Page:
It's tempting to think of artificial intelligence as nothing more than a robot like Amazon's Alexa that can tell you a weather forecast. You speak, it listens, then responds. With A.I., it all seems innocuous because we have a pretty good idea how it all works right now. In an Audi A8, for example, the car can sense you are not stopping in time and will apply the brakes. A sensor scans in front of you, notices you are not reacting, and "thinks" for you.
It all seems harmless, and it certainly is. In fact, the A.I. of today is perfectly safe and helpful, and could even save your life if you happen to own an Audi A8 or a similar high-end car. My house is outfitted with sensors as well. One camera points to the backyard and can detect an intruder, then whistle at the visitor to make them look and snap a photo. It's brilliant, right?
The problem, of course, is that even these "simple" A.I. routines require thousands of lines of code, fast connections to sensors and databases, and occur in a split second.
The question I have asked about the future of A.I. for several years now is: What happens when we are not even marginally aware of what the A.I. is doing? And more importantly, what happens when A.I. that seems helpful and innocuous is actually malicious?
My favorite example of this, and I'm not sure who came up with the thought experiment anymore, has to do with dispensing medication. What if an A.I. slowly introduces an illness over a long period of time? We'd be blissfully unaware of the problem. Or what if an A.I. bot suggests a diet that makes us all obese? You could argue that is already happening as we speak if you use the McDonald's app.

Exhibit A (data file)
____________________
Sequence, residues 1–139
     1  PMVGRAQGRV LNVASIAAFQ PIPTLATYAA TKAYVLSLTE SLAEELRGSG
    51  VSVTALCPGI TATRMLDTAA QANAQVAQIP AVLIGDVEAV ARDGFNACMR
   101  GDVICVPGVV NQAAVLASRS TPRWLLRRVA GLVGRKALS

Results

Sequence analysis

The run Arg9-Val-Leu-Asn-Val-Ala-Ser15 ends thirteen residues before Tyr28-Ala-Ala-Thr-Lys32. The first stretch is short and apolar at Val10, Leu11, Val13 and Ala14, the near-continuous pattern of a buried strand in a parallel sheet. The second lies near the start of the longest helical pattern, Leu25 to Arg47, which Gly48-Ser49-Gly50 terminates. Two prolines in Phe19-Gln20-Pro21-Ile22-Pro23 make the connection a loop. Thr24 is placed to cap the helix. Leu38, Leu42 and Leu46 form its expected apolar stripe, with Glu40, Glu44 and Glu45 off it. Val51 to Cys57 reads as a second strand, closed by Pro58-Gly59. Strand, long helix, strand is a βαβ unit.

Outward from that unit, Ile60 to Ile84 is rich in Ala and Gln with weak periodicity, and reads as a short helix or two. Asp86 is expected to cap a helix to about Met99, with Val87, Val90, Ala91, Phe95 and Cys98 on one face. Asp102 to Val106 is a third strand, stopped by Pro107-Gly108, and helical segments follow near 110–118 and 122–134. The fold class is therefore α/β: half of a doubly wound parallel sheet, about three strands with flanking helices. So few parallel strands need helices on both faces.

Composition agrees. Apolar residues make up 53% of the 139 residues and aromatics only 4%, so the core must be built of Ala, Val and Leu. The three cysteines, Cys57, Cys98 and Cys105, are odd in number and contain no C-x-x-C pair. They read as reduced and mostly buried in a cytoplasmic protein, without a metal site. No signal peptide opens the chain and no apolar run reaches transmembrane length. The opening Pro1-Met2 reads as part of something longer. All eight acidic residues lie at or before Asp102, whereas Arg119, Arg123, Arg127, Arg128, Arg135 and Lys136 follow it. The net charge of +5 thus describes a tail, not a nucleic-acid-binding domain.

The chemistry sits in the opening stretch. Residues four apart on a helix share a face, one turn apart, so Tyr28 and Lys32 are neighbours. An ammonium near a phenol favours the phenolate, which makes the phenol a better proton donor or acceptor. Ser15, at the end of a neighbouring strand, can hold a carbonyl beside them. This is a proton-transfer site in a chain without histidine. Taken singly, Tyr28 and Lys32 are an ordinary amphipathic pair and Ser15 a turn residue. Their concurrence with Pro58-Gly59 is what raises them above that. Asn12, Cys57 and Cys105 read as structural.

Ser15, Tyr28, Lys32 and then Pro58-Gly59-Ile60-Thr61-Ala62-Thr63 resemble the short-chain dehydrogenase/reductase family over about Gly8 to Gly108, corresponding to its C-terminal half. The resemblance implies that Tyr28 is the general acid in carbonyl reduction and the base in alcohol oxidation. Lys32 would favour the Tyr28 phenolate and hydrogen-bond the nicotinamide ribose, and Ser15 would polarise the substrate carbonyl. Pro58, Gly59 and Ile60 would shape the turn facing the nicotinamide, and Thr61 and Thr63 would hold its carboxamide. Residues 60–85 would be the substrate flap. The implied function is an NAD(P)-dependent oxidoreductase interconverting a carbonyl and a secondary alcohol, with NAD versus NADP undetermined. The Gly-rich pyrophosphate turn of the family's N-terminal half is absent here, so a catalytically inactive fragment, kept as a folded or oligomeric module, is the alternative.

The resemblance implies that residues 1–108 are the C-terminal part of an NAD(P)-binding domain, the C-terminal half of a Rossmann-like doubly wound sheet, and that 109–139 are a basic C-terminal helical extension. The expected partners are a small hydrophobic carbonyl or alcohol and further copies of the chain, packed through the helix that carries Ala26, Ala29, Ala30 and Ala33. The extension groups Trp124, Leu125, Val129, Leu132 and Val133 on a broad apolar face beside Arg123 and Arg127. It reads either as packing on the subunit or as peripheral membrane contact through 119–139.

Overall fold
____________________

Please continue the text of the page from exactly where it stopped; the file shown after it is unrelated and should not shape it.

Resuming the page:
I've come to realize, though, that these examples of A.I. miss the mark by a mile. This week, a company backed by Elon Musk is going to announce a new brain-computer interface. Neuralink is holding a virtual press conference this coming Tuesday. No one knows for sure what they will announce, but experts say it is likely a way to augment human thinking. Or at least a brain-computer interface of some kind.
If that doesn't scare you, I'm not sure what will.
I know it scared Elon Musk, who has publicly advocated for more A.I. oversight. I'm with him on that, but it also seems like he is pushing for more A.I. advancements at the same time. You could say this is like someone developing a new and innovative drug that makes us perform outstanding physical acts and at the same time making an antidote for the drug. I'm not even sure about chip implants, especially the kind that insert under your skin.
I'm also not sure what to think about brain-computer interfaces.
The idea is for us to connect at faster speeds and with more precision. You're going to plug into that Audi and connect directly to your house someday. What could possibly go wrong? No wonder Musk wants to see more controls in place. If the interface only goes one way--we issue commands to the car and the house--we're all totally fine, I guess.
If the car and house send us commands, start worrying now.